I’m not suggesting that everything in my life is somehow magically perfect now, though. My mental health and addiction issues are something I am incredibly open and honest about, and I’m certainly not zen all the time now. I’m human! I have to get four kids to school on time every morning, and I still go crackers if I get a parking ticket.

What I learned is that so many of the issues I was facing back then came from trying to pretend I was something I wasn’t. We all do this, right? Trying to pretend you’re happy and fine, even when you’re depressed. Trying to be understanding when you’re angry. Let me remind you that you’re not a bad person because you’re feeling pissed off about something. You are allowed to have feelings.

We all have flaws and we’re all trying our best. We all get angry at times, and that’s OK. I love the fact that there is so much more transparency now, because it’s helping to normalise being normal!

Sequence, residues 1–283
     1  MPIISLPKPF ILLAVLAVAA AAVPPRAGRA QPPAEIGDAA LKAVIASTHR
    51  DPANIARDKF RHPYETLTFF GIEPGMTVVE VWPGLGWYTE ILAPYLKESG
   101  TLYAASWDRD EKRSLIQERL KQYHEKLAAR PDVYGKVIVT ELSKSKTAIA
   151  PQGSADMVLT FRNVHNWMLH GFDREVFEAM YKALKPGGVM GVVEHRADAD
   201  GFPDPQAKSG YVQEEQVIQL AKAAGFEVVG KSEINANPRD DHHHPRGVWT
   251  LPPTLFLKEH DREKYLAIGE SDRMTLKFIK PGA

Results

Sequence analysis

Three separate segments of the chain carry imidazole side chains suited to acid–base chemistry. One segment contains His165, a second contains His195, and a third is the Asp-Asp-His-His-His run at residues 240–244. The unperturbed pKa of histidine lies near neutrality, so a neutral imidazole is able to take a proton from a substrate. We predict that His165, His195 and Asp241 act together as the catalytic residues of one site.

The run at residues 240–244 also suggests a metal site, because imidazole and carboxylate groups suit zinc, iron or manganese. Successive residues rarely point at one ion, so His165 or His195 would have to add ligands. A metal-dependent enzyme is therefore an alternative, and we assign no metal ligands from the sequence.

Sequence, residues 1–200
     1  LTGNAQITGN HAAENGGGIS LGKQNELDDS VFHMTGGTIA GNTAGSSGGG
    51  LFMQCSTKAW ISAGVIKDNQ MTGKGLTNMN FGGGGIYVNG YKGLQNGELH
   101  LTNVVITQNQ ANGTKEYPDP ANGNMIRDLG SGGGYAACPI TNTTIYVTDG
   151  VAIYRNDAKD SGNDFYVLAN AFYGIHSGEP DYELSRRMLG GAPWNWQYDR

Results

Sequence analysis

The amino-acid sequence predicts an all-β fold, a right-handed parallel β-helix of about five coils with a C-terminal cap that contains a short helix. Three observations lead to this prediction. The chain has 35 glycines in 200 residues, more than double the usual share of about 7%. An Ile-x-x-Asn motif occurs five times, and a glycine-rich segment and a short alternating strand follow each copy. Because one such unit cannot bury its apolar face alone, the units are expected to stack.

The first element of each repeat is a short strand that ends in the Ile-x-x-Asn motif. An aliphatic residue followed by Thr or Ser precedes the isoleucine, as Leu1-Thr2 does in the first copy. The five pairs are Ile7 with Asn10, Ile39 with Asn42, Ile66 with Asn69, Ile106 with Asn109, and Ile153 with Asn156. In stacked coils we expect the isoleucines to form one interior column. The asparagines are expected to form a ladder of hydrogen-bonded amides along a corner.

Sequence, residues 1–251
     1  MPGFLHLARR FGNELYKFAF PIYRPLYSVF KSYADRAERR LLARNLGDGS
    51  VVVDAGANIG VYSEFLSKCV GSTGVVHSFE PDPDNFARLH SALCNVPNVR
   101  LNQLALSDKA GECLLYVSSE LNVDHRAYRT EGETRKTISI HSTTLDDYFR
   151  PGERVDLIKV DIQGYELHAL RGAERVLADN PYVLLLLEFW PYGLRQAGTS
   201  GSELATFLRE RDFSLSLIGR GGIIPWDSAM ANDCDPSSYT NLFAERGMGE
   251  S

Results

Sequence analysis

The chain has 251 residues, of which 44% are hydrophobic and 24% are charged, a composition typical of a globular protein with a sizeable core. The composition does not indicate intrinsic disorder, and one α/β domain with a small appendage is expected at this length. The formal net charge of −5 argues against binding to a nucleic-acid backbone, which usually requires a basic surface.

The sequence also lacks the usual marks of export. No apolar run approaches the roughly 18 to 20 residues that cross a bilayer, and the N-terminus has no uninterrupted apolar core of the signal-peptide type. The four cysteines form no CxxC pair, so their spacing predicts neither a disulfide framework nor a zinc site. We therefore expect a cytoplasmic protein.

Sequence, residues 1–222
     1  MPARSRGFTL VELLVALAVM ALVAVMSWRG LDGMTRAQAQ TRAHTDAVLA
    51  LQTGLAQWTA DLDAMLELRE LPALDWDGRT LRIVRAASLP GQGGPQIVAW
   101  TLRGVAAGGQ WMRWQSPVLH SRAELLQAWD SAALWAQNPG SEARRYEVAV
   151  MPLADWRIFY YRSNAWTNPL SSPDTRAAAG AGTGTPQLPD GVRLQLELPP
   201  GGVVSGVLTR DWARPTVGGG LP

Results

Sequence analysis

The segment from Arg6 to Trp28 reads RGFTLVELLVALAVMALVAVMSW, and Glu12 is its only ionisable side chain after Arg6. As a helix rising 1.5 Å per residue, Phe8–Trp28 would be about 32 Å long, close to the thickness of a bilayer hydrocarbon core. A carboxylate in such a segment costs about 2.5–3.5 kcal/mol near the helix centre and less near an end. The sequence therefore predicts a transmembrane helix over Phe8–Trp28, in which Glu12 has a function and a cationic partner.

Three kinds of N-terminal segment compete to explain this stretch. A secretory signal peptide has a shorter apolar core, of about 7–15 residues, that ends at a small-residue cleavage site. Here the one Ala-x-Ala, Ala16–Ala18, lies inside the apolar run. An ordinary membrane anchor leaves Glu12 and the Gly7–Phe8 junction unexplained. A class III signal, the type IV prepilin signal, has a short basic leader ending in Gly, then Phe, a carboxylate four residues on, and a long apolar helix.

Everyone has stressors. We all have our own film that is constantly playing in the background, whether we’re struggling due to family illness, relationship issues or worrying about our kids. I have learned that modern stresses – the non-stop news alerts, the family demands, an actual global pandemic! – put us all in fight-or-flight mode. We’re on constant high alert, and that makes us stressed, and stress makes us crave ways to chill out – which may be carbs or sugar. (We eat them because they work.) One of the most important ways to begin to turn that around is to learn ways to switch off and give our bodies and minds a chance to recover. If your body is telling you that you need to take a break and relax, go and do it. It’s not because you’re lazy, it’s because you need it. We all need to learn to read the signs and take care of ourselves, because no one else is going to do it for us.

Davinia Taylor is the author of It's Not a Diet

Further reading

How sleep affects our diet

Breaking the diet-binge cycle

Shame, guilt and your relationship with food

The role of the subconscious in addiction

Identifying and resolving complicated grief